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Author Topic: Dall e 2 will make us all redundant?  (Read 8688 times)

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« Reply #100 on: October 16, 2022, 04:04 »
+2

DALL E doesn't "pull" images from anywhere. It has been trained with existing images. Even if no one can afford to make a living from photography anymore, DALL E will not "unlearn" what it has learned.

Isn't it training on an ongoing basis? My point is that in 10 years, if no one (or much fewer people) are producing images the AI will have trained (if you don't like the word pulled  ::) ) using images a decade old.

Think about how most images of business people get online. It's stock images. Think about stock images from the 90s now. Will AI images of business people be frozen looking like people from the 2020s because that's when most of the original "training" images are from. So the AI thinks that's what business people should look like in 2050.





« Reply #101 on: October 16, 2022, 04:07 »
0
DALL-E has an annoying tendency to crop - and doesnt understand 'no cropping' etc in the input phrase
Yes, I noticed that too and sometimes the crops are really ridiculous, like cutting off the whole head of a person. I tried all kinds of phrases to avoid this, like "no crop, not cropped, person fully visible in picture, head not cut off". I have not been able to figure out any kind of instruction that DALL-E uderstands.
But, to be honest, even though I was searching for images for work and could have used some good results, I was still glad to see such flaws. The more flaws I find with DALL-E's performance the less I am worried that I will be completely replaceble as a photographer, at least in the near future.

yes, i've tried many such phrases and also emailed DALL-E w no reply.

and yes, i see little competition in the near future

You can edit and draw a frame for it to fill in if it's cropped too tight

« Reply #102 on: October 18, 2022, 05:53 »
+3

Uncle Pete

  • Great Place by a Great Lake - My Home Port
« Reply #103 on: October 18, 2022, 14:09 »
0
Getty bans AI images https://www.theverge.com/2022/9/21/23364696/getty-images-ai-ban-generated-artwork-illustration-copyright

This is trending and the lawyers get into the game, which means, the agencies can make their own rules, until there's a legal decision.

« Reply #104 on: October 18, 2022, 23:29 »
0
The article Getty ban AI images is very interesting.

It points out some of concerns of this community but artificial intelligence has a lot of potential and a world of possibilities.
There is a huge amount of work that I see on twitter every day and I can't tell the difference if it was created with only Photoshop, with tools generated by AI and Photoshop, or only generated by AI through the prompt. Unless the creator tells me how he made it, I don't see how it will be fairly possible to detect it. So if Getty Images will rely on users to identify and report such images i would say its a lost cause. I rather rely on AI to do some reverse engineer and try to come up with a diagnosis to the curator.

But even with Sci-fi AI reverse engineer idea the plot becomes more complicated...
For example if we use dreambooth with stable diffusion means you can create your own models and then use prompts in stable diffusion to act just like a filter, paint or style you think of...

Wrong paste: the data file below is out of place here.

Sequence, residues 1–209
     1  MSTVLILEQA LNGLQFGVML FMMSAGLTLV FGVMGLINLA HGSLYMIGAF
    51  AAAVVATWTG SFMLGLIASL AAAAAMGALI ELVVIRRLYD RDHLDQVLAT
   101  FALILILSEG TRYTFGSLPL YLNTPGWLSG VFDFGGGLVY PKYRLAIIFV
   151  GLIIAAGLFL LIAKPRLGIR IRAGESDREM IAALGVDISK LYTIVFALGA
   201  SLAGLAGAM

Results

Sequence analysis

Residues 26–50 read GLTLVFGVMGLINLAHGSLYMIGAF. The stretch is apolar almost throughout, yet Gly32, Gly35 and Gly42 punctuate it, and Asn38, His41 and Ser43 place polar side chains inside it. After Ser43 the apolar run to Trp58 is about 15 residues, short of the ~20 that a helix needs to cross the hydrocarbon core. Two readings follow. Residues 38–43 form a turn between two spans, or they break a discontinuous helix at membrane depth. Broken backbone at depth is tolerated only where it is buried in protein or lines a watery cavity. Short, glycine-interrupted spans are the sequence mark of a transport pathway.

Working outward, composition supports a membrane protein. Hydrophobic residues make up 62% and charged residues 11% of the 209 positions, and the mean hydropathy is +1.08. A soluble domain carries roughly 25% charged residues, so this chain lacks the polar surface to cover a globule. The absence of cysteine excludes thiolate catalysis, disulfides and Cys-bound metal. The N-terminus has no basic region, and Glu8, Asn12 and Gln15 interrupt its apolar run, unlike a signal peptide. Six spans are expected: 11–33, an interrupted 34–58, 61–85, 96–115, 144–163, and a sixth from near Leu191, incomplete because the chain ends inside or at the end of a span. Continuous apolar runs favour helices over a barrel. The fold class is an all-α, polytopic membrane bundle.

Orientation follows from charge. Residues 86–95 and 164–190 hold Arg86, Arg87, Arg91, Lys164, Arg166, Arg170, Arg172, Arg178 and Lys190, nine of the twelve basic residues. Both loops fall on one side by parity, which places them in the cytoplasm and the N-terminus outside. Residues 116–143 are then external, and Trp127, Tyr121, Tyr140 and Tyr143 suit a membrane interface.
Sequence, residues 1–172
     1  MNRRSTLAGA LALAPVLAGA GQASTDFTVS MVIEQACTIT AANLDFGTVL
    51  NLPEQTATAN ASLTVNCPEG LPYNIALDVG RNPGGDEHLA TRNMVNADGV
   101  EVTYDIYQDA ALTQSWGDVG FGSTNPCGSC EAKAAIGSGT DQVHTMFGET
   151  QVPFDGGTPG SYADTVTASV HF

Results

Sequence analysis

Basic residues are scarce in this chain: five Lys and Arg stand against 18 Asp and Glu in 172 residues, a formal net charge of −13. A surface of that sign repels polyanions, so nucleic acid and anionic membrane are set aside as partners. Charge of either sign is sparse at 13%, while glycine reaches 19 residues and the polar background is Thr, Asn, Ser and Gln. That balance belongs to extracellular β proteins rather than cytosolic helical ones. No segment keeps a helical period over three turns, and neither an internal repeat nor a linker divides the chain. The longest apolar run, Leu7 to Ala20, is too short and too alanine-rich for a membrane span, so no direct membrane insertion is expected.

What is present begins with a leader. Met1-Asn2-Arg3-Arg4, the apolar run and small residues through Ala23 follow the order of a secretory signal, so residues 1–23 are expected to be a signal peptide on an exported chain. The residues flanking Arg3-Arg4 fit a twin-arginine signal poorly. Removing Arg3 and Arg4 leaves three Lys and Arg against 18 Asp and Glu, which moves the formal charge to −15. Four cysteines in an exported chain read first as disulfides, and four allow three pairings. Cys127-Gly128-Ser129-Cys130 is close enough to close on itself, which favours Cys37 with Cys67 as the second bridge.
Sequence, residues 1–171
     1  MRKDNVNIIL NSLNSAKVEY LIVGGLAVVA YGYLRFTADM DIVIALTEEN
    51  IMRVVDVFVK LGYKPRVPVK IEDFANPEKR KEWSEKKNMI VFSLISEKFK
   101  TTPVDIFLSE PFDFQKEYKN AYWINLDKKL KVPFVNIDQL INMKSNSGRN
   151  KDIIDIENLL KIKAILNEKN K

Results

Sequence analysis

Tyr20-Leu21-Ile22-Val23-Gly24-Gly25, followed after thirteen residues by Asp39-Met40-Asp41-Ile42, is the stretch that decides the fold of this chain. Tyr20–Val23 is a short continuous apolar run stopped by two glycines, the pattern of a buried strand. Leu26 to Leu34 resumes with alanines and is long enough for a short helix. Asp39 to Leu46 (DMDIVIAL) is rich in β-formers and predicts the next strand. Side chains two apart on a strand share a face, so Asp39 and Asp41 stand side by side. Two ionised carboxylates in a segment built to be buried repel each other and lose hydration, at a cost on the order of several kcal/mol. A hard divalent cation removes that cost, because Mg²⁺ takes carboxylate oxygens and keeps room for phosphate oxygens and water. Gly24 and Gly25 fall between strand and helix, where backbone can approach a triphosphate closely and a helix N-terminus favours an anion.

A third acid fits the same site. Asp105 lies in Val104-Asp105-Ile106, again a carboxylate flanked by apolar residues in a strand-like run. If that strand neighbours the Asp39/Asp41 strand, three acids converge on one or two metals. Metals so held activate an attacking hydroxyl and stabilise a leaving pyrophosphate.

I don't have a solution but maybe problem does not rely in "AI-generated art" itself but more in the process used to generate art with AI.
There should be legal boundaries.


tupungato

  • Europe
« Reply #105 on: October 19, 2022, 08:54 »
+1
Dear Contributors,

Greetings from 123RF!

Recently, we notice an increase in the submission of AI generated content.

Due to the legal uncertainties with regards to AI generated content, were getting in touch to inform you that 123RF will cease to accept all submissions created using AI generation platforms. This ruling will be applied retrospectively to content uploaded prior to this announcement.

What we will not accept into any paid collection:

Any content generated from AI generation platforms (examples include but not limited to: Dall.E 2, Midjourney, Stable Diffusion, etc.)

« Reply #106 on: October 19, 2022, 09:13 »
0
Isn't it training on an ongoing basis? My point is that in 10 years, if no one (or much fewer people) are producing images the AI will have trained (if you don't like the word pulled  ::) ) using images a decade old.

Sorry, but there is still something wrong; probably you have not a really clear view of how AI works.
It learn continuously, every time you use it and every minutes from our own inputs.
The lessons analyzing zillion of images were just a starting point; when it knows enough to reproduce a new requested object, it will start to learn more from our inputs and results. There is no need to feed AI with another zillion of images every couple of year. It will know, based on inputs, the new styles, also probably it will create new ones

« Reply #107 on: October 19, 2022, 09:28 »
+1
You're fighting a losing battle with this one I'm afraid. If you were to take parts (learnt) of X amount of songs to combine and form a new one, you'd have to pay the copyright holder of the original content

You're wrong
First of all in music there is a specific legal limit in terms of sounds and sequences in which you can claim a copyright infringment. That is quite obvious, because with only seven notes it's hard to create music without copying existing sequences.